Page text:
Despite pervasive myths to the contrary, Connecticut remains a hot-spot for high-tech manufacturing and other trades. And the technical high schools that teach those trades are becoming increasingly popular choices for students seeking an alternative to traditional higher education. Since 2002, KBE Building Corp. has completed eight technical high school projects across Connecticut — while working closely with architectural firms that have mastered the niche’s unique design challenges. “The quality of these technical high schools — and the innovative educational spaces they provide — is just exceptional,” says KBE Project Manager James Brenia, who managed the recently completed $60.5 million renovation and addition at J.M. Wright Technical High School in Stamford, CT. Flexibility “Technology is changing at an increasingly rapid rate — and technical high schools must be designed to keep pace,” says architect John Scheib of Northeast Collaborative Architects, who designed the J.M. Wright renovation and addition. “One major architectural challenge is creating functional spaces in which shop equipment, electrical outlets, and even ductwork can be easily removed, adjusted, or upgraded.”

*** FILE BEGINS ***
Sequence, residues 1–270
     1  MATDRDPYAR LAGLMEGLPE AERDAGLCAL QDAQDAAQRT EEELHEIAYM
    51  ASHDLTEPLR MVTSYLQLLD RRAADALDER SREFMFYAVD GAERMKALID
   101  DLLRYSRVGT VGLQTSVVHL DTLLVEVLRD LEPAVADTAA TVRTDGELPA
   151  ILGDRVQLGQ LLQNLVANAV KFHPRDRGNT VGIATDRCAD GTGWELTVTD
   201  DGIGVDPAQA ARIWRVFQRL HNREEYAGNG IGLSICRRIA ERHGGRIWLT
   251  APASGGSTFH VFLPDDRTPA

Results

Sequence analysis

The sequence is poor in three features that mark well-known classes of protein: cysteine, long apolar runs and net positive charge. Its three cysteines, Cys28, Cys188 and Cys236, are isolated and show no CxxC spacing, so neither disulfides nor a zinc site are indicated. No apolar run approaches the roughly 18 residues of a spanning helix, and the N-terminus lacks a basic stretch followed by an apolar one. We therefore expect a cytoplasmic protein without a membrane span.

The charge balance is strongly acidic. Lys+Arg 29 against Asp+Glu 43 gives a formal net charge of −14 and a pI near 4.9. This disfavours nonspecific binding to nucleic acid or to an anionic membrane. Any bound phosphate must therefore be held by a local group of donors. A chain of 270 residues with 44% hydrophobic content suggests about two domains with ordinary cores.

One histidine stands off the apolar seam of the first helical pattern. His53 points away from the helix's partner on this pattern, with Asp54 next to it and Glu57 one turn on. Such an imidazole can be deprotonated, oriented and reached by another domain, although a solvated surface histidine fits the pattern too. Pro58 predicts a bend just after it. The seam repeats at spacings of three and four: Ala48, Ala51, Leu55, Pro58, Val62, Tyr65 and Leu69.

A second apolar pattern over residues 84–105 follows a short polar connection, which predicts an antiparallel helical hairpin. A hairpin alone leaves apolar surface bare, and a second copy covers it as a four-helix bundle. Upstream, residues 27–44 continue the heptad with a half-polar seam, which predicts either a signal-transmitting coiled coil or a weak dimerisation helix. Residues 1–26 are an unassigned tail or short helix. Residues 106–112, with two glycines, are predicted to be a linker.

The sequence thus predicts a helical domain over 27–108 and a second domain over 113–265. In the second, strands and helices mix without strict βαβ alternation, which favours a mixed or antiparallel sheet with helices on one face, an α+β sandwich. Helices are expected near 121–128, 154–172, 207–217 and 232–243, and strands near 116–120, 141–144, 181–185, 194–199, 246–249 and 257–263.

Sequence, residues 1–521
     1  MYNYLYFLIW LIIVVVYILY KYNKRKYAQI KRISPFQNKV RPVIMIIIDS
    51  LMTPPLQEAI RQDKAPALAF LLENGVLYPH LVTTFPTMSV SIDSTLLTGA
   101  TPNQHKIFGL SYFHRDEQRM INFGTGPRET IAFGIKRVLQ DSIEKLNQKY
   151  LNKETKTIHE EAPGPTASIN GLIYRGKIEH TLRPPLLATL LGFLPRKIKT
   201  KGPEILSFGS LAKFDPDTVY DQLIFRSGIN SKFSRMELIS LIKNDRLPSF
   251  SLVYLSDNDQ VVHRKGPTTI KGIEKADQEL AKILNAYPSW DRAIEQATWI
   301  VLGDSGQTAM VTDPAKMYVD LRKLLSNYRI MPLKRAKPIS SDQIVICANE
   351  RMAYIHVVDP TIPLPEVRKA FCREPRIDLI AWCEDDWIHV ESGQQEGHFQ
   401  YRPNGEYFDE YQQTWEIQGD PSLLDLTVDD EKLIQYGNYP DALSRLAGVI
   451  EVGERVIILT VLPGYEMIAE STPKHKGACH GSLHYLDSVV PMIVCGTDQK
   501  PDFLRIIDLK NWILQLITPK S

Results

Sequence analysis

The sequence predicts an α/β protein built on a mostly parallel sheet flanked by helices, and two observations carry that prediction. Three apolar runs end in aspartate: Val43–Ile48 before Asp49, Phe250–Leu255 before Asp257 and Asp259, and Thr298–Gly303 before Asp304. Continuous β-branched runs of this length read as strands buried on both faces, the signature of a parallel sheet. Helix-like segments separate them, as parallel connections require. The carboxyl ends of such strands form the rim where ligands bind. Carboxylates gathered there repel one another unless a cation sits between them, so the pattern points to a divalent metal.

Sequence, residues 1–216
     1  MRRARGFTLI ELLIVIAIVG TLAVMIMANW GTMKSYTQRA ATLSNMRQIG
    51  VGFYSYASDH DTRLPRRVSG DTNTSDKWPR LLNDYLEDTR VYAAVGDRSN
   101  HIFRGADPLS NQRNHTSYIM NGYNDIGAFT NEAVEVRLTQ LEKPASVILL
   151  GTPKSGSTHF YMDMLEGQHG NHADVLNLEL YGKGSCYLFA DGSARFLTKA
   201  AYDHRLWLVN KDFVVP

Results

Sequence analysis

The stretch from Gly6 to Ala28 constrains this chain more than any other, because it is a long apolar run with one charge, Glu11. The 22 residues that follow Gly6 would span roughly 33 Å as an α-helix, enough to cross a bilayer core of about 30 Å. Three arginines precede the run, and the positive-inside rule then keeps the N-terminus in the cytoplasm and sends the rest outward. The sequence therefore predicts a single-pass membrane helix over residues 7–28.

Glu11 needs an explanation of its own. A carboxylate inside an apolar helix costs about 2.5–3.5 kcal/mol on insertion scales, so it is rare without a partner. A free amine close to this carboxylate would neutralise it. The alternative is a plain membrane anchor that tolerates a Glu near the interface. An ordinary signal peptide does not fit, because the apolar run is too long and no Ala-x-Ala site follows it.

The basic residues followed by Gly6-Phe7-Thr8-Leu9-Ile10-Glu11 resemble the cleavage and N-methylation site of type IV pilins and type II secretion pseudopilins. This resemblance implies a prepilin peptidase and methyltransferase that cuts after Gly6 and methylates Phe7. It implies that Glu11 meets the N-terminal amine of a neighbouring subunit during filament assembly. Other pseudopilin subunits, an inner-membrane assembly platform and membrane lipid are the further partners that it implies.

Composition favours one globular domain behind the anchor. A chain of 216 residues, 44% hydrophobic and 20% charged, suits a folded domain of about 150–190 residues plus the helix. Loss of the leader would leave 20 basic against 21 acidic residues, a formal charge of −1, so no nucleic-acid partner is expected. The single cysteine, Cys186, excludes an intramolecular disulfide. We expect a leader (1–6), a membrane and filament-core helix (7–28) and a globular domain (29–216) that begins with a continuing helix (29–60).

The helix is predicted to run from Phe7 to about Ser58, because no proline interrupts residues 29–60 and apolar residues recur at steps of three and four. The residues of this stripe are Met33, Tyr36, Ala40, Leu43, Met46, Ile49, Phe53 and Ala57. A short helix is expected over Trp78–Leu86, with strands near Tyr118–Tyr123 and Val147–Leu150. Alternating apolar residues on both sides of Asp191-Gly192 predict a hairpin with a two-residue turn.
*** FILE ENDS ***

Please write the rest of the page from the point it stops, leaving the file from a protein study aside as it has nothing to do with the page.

Quinebaug Valley Middle College High School Credit: Paul Burk Photography
Efficiency Many 21st-century building designs strive for efficiency, but technical high schools present a unique challenge on that front. Mechanical, electrical, and plumbing (MEP) systems that serve the entire school must also be integrated with several different kinds of stand-alone teaching equipment.